I smile and listen and nod. All that matters to me is getting up this mountain.
When the light returns, we find ourselves on a narrow hogback ridge. It soars like a flying buttress against the windward face of Mt. Abdiel. To my left, below, I can see the chalky lines of breakers and the beaches where I came ashore.
The wind tries to blast us off the ridge crest. Crystals of hoar frost crack and tinkle against the stones. My fingers are stiff, my hair frosted, but I don’t feel the cold. Something deep inside me keeps me warm.
Fingers of mist poke down from the unbroken bank above us. We climb into the thick of the mist, and I’m blind again, with only Bianca’s glow and the stone at me feet to ground me.
The ceiling brightens. We break into the clear with a wash of orb light and a cottony sea of cloud tops. The glistening trapezoid of Abdiel’s summit causes my heart to surge. My symbiont approves. Its claws ease off my mind.
The hogback merges with Abiel’s face. We join the main body of Ascenders coming up the windward slopes. Ascendants have funneled together onto these upper slopes such that it’s difficult to pass among them without stepping on fingers, toes and faces.
Guides are thick in these parts, working hard to coax their charges onward.
Though most maintain an air of serenity on the brink of coma, one woman seems distressed. She clutches a ragged strip of cloth against her breast.
“I’ve told you, no possessions,” says her Guide.
“Please,” says the woman. “I found it on the beach.”
“I can’t believe you would let that dirty old rag hold you back.”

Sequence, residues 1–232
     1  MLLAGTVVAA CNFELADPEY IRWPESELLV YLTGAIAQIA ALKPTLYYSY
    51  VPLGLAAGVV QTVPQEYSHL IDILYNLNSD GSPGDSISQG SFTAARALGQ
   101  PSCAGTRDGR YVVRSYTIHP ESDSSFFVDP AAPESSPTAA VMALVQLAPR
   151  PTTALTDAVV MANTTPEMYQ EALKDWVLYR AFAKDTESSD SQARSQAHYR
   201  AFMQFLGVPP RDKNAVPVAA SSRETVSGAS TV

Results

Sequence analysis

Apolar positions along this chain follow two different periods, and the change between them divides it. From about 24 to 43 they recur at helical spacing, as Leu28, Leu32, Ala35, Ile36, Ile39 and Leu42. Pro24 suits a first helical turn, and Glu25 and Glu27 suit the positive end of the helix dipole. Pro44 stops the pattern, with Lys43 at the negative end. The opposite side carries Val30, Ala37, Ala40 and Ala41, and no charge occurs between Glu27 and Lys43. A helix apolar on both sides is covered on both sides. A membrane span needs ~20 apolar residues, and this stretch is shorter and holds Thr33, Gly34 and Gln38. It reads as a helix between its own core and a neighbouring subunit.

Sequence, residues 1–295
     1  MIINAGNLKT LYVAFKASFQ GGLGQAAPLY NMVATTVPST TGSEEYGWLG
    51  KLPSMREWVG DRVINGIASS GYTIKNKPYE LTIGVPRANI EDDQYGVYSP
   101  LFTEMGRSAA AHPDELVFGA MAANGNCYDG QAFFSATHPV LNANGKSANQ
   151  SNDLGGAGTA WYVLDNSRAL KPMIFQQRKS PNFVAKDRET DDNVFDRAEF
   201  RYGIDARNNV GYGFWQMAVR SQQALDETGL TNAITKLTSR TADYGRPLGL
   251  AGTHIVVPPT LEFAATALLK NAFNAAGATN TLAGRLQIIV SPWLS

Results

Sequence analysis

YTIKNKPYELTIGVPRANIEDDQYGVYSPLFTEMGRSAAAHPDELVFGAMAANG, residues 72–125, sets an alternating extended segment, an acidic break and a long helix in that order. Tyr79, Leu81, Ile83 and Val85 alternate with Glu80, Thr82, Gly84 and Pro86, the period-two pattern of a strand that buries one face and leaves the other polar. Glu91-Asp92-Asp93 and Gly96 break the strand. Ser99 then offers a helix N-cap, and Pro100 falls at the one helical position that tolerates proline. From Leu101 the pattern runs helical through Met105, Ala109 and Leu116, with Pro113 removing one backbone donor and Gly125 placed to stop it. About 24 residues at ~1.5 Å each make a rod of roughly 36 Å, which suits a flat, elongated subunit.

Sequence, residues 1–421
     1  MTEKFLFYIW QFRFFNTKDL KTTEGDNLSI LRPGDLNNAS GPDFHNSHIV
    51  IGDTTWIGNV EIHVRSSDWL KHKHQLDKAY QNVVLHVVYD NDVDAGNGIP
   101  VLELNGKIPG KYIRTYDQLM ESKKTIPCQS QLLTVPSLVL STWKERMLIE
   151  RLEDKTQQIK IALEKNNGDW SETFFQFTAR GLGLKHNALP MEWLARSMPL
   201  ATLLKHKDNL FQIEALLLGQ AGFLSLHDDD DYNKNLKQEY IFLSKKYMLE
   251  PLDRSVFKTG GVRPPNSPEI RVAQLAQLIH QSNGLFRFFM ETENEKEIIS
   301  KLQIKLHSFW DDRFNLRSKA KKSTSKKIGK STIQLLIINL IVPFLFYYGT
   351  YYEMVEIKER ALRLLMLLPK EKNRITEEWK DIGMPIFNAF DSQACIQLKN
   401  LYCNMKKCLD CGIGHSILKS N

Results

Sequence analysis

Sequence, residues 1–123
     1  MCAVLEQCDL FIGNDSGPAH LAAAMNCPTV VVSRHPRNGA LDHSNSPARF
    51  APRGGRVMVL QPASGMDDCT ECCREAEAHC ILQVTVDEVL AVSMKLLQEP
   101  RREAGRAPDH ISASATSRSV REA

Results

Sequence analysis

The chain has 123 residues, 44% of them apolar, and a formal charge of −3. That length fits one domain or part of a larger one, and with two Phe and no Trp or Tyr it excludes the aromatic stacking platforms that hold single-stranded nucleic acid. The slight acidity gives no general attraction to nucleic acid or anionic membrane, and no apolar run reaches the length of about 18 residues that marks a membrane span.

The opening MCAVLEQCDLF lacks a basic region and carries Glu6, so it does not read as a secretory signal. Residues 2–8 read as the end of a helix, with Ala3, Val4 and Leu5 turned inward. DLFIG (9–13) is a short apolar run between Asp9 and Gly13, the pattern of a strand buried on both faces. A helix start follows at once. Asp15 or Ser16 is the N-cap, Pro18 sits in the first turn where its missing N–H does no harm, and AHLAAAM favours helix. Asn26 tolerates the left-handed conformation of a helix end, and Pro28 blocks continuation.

“But it’s all I have. I’ll have nothing,” says the woman.
The encounter makes me wonder. I whisper to Bianca. “I have a dress.”
“I’ve noticed,” says Bianca. “Not for long, you won’t.”
Unlike the woman, I am not bothered by the prospect of losing the only thing I own. I am ready to shed it now.
The essence of my existence whittles down to reaching the top of that mountain, but the last pitch separating us from the top is as exposed and treacherous a slope as I have ever climbed. In life, I would have been too chicken to climb it without belay and pitons.
Ascenders cling to the slick face of the mountain like cockroaches to a wall. My symbiont twinges at the image, but lets me process the experience as I wish, un-throttled, so long as the joy of Ascending continues to fill me.
We climb steadily, one foot after the other. Billions of footsteps have worn shallow depressions in the stone. Ice clogs every crack and crevice. I plant each step with care. My excitement rises.
“We’re almost there,” says Bianca. She’s looking quite well now, her body almost as pristine and shapely as when I first met her on the beach.
We punch through a cornice into the thigh deep snow of the summit ridge. The wind-scoured, bare stone of the ultimate peak lies up a gentle slope through heavily trampled snow. I see something dark mounded there beside some squat, squarish structures.
I let out a whoop, expecting it to echo down the slopes, but the wind smothers it.
I stare across the sea of clouds to the dark cone of the volcano above the Rift. Hundreds of grey wisps trail across its slopes like an army of wraiths. Farther out, I spy the tiny pyramid of a promontory at the terminus of Dilmun.“Come,” says Bianca. “We’re on the threshold of Elysium. There is just one more step … one tiny step.”